If you have a degree from Harvard on the wall and need 3 drinks a night to manage your stress and anxiety, how is that success?

The outer stuff doesn’t matter as much as we hope it would.

This is both good news and bad news.

The good news is, you get to create your success and define your happiness.

The bad news is, you can’t blame some external force when things don’t work out or feel good.

You have great power, which brings all that responsibility.

Isn’t that awesome?

On this blog we talk about achieving empowered, authentic success. If you’re down with that and want to learn more sign up for updates below:

 

 

The Looking Outward Trap

When it comes to creating a business or marketing in the digital age, looking at what others are doing is a trap.

The people who attract attention, get the clients/customers and make the money are doing something no one else is doing.

We humans are attracted to the new and the novel. We want to be part of something from the ground up. We all desire to be “cool” no matter what our age. We are always looking to be the first in line.

This is why following a marketing “guru” or using a blueprint, plan or approach that works for someone else is asking for trouble.

If Mary blogs every day about kale juicing and has 100,000 Facebook likes, what are the chances a copy cat blog about kale does as well?

If newsletters work for me at Child Development Partners and then another psychologist comes around writing newsletters about ADHD, we become defacto competitors. Who does that help? Is it useful to the marketer? To the community of clients?

The reality is, copying another person’s format for your business model or marketing is a set up to fail. When you engage the same strategy as someone else, you are competing in their space, on their turf and they got a lead on you.

If you want to use a blueprint model, buy a franchise. I mean that sincerely. The franchise model is all about using a clear blueprint with an already established brand so all of the foundational decisions about how and when to market and to whom are done for you, Of course, you pay for the formula, because those systems and approaches are expensive to create and valuable once they are repeatedly effective.

However, if buying a franchise isn’t your deal, toss all plans to follow the path others have trod before.

Stop looking outward for answers. Instead, look inside.

You are a creator. When you own your own business, you have a big canvas to paint on.

The only way to get noticed. The ONLY WAY to get attention and clients is to be different, to create something new.

And it has to be good. Really good. Half-assed doesn’t pay the bills.

So if everyone in your industry blogs and you don’t love writing, what can you do differently? Can you use video, audio, cartooning, announce a word-inspiration-quote of the day?

And do stuff you enjoy, for the love of Pete! I see people lamenting (read: “whining”) about hating to blog, but they slog through the blog because “people say I should.” Oh please. Let’s grow up. Stop letting others tell you what to do and do what you feel is good and useful.

For example, I know video would be a good medium for me to use in my marketing. But, hot diggity, I don’t love producing video. It’s a a pain in the ass for me. I don’t love to dress up, wear makeup and the production is tedious and boring (for me). You, on the other hand, may love video and if you do, go all out. Video to your heart’s content.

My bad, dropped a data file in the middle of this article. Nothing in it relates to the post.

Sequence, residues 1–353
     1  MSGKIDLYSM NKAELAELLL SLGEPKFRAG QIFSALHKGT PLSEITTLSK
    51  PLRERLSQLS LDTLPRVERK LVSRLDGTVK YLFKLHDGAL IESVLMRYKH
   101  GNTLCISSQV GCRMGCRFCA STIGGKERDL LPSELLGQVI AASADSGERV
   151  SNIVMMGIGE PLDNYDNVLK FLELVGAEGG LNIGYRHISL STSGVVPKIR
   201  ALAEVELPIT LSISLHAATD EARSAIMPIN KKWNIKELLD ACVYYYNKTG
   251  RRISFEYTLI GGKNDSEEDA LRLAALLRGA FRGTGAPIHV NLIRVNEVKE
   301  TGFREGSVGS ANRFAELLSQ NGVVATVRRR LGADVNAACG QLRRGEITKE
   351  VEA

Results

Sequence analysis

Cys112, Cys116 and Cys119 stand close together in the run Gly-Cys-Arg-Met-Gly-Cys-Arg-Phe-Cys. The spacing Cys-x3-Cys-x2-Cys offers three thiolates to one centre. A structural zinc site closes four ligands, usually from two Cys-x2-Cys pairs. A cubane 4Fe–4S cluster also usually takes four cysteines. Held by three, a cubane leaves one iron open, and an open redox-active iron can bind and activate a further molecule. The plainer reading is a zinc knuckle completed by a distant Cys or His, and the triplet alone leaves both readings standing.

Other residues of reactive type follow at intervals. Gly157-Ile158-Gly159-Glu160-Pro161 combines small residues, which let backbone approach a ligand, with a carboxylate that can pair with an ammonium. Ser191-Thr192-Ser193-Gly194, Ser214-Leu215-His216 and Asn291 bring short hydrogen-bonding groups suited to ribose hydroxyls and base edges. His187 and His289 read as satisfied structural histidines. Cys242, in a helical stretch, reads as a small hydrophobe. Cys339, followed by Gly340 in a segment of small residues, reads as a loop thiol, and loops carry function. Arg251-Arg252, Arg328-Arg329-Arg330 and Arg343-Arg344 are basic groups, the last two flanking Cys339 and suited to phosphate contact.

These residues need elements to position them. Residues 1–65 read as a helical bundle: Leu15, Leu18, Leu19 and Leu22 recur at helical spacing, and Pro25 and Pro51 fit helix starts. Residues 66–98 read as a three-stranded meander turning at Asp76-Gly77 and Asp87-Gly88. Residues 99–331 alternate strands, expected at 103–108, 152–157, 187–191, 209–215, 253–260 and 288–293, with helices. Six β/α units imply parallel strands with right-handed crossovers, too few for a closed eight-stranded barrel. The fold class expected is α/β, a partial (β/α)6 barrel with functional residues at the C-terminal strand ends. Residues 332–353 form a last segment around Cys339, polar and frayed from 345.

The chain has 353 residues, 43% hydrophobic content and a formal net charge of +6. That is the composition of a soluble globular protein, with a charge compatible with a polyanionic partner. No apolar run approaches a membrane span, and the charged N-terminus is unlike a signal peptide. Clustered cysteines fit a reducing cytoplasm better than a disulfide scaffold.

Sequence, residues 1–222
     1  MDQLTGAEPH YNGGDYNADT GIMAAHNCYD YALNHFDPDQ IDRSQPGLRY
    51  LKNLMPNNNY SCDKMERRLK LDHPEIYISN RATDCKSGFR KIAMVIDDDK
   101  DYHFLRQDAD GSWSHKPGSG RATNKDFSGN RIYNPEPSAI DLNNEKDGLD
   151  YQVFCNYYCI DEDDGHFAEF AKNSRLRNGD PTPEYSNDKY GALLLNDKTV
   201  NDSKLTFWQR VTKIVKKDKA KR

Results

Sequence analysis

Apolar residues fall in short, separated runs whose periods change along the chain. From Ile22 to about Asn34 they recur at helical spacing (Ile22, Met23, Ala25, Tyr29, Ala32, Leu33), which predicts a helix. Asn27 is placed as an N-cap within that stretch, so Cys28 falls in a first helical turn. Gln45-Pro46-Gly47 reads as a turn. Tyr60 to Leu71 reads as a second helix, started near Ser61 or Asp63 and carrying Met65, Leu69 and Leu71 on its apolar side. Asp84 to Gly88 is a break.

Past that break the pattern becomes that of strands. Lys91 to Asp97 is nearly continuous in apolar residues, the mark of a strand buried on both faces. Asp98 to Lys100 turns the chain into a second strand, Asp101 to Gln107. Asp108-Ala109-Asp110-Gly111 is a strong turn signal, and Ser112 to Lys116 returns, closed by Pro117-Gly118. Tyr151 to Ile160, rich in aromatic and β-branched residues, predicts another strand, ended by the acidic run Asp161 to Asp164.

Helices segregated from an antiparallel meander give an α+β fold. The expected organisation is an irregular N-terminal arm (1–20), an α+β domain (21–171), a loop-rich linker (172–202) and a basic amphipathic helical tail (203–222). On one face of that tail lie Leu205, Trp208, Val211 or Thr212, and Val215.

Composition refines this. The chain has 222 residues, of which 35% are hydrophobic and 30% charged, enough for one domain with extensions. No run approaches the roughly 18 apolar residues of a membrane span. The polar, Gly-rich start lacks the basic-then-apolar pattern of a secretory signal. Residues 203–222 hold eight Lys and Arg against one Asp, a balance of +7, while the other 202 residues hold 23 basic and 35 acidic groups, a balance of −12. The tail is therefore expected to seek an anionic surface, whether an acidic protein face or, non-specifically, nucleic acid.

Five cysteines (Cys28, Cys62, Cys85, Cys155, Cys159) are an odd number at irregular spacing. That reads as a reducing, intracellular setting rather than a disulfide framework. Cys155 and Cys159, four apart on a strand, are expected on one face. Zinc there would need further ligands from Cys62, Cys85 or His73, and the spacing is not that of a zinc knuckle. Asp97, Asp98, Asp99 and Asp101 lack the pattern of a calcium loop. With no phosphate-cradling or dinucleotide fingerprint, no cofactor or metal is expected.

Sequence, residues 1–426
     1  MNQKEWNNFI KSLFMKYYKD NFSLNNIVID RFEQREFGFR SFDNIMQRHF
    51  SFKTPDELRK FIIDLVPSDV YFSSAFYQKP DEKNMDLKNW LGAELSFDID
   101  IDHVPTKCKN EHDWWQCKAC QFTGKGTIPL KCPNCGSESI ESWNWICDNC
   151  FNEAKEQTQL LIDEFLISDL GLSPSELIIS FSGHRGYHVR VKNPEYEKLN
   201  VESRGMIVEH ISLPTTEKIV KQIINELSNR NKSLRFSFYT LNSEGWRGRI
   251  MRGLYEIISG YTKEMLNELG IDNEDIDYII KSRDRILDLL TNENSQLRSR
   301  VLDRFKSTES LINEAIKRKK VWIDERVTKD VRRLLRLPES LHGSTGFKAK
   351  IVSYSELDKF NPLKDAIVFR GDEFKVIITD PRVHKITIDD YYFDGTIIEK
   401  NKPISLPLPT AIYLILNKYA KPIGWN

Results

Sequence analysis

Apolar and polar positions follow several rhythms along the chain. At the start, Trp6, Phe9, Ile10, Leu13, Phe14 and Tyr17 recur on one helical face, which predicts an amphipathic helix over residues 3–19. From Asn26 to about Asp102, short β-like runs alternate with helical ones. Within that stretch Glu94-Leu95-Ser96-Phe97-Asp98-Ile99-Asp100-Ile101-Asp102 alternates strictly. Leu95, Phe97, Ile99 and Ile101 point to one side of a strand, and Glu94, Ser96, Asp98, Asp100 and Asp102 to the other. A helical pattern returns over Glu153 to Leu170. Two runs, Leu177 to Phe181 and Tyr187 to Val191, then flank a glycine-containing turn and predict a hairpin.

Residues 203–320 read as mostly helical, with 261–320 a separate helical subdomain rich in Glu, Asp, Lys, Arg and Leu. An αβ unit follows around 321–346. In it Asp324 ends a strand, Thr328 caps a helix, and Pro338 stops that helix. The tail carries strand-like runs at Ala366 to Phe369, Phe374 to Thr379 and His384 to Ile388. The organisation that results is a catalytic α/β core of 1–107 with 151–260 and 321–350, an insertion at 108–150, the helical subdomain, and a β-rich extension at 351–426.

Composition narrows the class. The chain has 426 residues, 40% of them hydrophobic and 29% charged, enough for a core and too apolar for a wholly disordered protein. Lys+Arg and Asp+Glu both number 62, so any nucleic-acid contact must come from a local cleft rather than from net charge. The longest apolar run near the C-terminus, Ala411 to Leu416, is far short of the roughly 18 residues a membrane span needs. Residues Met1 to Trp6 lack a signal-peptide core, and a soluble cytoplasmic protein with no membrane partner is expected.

When I write and you do video (or whatever medium you dig), we now stop being competitors. We can collaborate. People can read my blog and watch your video. People who prefer to read over watch video will hang out with me and visa versa. Neither one of us is doing it “right,” and neither one of us is doing it “wrong.”

The tools we have at our disposal for free or super cheap are astounding. It’s a freaking miracle when you think about what people did to get a photograph 100 years ago and what we can do in seconds on our phone to produce content. And rather than use the endless options to create new, awesome stuff, we look around and try to copy someone else because we think they have it all figured out.

Truth. No one has it figured out. Creating something new means experimenting and seeing how it goes. When people hit the right notes and stand out in authentic, vulnerable ways, they get attention and a line at the door.

So rather than spend time and money on the next “trend in marketing,” I suggest investing in blazing a trail. Use you canvas, color outside the lines. It leads to a happier more successful experience in the long run.

On this blog we talk about achieving empowered, authentic success. If you’re down with that and want to learn more sign up for updates below:

What “Doing the work” Looks like

work photo

Today I am knee deep in “doing the work.”

We almost always see the glossy , tidy, pretty end result of the work.

That’s why when we get knee deep in the work, we often feel like crap. We look at the polished outcome of someone else and say, “She’s all gussied up, with make up on and has this gorgeous website and video and admiring fans and I’m here in sweats and empty coffee cups strew about hoping it all pays off.”

That is called “doing the work.”

The glossy brochure was born of the empty coffee cup on the table.

No one graduates from school by avoiding the work.

No one discovers success under a rock.

The picture above is what doing the work looks like in my world today.

What does doing the work look like in your part of the world?

On this blog we talk about achieving empowered, authentic success. If you’re down with that and want to learn more sign up for updates below: